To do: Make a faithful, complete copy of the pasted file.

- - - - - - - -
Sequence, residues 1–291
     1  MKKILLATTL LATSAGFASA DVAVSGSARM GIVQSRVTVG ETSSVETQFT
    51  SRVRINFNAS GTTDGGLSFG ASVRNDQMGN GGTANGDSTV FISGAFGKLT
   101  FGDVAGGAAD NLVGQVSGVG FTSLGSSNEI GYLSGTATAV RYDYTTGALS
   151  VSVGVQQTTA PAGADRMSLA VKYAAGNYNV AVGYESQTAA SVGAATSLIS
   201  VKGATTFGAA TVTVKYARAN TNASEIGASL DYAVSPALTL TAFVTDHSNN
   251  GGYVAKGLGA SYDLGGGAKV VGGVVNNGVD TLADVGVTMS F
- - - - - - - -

Sequence, residues 1–291
     1  MKKILLATTL LATSAGFASA DVAVSGSARM GIVQSRVTVG ETSSVETQFT
    51  SRVRINFNAS GTTDGGLSFG ASVRNDQMGN GGTANGDSTV FISGAFGKLT
   101  FGDVAGGAAD NLVGQVSGVG FTSLGSSNEI GYLSGTATAV RYDYTTGALS
   151  VSVGVQQTTA PAGADRMSLA VKYAAGNYNV AVGYESQTAA SVGAATSLIS
   201  VKGATTFGAA TVTVKYARAN TNASEIGASL DYAVSPALTL TAFVTDHSNN
   251  GGYVAKGLGA SYDLGGGAKV VGGVVNNGVD TLADVGVTMS F